> I know it may not seem strictly relevant to this
> forum to touch on current climate change, but here
> goes anyway. It seems certain that our man-made
> activities are contributing to climatic
> instability, but I do not buy into the exclusive
> obsession with greenhouse gases as being critical,
> especially as historically the CO2 rise FOLLOWED
> the rise in temperature. On the other hand there
> seems to be much evidence that the Jet Streams,
> four high speed tunnels of air flowing from West
> to East and located at the tropopause, driven by
> solar heat and the rotation and axis of the earth,
> themselves drive the weather below. Until 60 years
> ago, though doubtless variable, they were at least
> relatively undisturbed natural phenomena. Then we
> started to insert aircraft into them and this has
> continued increasingly as bigger, more numerous
> and faster commercial aircraft systematically hunt
> them while flying from West to East, and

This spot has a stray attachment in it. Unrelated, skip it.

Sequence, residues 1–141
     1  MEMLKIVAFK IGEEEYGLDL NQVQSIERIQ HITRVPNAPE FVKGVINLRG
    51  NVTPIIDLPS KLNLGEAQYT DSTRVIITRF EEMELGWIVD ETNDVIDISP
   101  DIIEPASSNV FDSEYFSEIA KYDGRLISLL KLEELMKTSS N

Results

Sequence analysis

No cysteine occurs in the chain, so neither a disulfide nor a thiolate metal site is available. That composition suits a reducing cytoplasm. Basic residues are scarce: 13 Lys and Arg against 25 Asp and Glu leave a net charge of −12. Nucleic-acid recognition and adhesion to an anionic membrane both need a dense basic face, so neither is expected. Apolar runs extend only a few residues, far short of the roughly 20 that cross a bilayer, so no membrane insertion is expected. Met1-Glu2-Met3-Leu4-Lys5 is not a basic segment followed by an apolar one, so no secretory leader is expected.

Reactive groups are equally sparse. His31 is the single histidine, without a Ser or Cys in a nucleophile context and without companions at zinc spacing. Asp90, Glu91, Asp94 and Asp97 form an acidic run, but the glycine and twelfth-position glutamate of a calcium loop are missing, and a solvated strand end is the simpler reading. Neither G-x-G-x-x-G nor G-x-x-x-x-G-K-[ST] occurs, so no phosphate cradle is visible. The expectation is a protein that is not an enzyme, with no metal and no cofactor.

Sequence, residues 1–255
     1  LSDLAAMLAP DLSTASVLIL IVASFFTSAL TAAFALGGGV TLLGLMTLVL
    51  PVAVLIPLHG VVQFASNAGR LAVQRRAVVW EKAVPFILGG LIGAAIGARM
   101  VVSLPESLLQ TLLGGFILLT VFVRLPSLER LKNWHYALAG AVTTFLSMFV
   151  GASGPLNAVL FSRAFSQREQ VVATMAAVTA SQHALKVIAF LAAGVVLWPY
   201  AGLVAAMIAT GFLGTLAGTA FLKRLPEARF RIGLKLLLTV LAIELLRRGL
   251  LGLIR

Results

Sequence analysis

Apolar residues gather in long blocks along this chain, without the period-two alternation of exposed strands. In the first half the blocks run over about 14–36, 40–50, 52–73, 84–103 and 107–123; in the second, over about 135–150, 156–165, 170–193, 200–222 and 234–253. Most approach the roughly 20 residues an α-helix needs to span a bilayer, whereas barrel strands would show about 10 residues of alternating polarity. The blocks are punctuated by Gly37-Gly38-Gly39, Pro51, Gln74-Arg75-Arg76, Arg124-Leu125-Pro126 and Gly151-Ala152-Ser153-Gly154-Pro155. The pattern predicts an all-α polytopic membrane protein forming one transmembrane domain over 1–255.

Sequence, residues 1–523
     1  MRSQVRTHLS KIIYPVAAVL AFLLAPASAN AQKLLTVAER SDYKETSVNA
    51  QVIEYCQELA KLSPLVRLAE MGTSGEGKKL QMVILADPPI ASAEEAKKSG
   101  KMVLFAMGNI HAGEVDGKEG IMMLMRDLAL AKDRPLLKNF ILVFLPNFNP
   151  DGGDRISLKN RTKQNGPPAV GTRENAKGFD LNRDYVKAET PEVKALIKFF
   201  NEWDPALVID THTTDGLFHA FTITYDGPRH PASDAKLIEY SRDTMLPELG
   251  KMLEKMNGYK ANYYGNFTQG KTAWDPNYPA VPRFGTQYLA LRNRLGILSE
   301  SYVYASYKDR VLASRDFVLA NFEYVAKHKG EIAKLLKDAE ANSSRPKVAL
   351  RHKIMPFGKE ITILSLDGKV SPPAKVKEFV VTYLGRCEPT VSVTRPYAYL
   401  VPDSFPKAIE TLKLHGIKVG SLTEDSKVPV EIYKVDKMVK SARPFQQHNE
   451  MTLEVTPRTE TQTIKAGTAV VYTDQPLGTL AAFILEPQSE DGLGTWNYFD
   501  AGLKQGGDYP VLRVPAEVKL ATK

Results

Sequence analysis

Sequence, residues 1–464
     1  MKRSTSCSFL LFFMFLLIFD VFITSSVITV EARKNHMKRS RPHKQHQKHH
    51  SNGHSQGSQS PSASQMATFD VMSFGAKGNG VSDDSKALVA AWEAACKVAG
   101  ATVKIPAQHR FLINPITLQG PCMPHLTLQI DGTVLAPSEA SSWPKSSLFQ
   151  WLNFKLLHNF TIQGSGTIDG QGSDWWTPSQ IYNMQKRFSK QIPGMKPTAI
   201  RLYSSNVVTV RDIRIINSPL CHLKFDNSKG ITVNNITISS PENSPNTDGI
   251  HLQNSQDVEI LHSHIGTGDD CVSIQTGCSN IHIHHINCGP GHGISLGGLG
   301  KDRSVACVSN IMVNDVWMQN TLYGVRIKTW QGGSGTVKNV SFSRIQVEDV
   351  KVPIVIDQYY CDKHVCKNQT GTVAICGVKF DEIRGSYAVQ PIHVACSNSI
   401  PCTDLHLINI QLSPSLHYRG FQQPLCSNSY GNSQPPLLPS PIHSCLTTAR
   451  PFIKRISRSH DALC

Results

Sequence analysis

> studiously avoid them while traveling from East to
> West. Newton would surely have agreed that since
> the jet streams are being used to change the
> flight of aircraft, there must be an equal and
> opposite effect of these jet aircraft on the
> flight of the jet streams. Is it commercially too
> inconvenient to ask for the answer to a simple
> scientific question; what effect are aircraft
> having on the jet streams, and if it is
> significant how might it be mitigated?
Probably not, David. It was thought that the no-fly days post 9/11 would show if aircraft had an effect on climate, but it seems now that that was not the case.
A study in 20021 suggested that these contrails could have a significant effect on daily temperature patterns (see 'Air-traffic moratorium opened window on contrails and climate'). But a new analysis now claims that altered US temperature patterns during the three flight-free days can be explained by natural variations in cloud cover, rather than the absence of planes.
If plane contrails in themselves don't have any measurable effect on climate, I don't think an increased number of contrail-producing aircraft would affect something as powerful as the jet stream, either.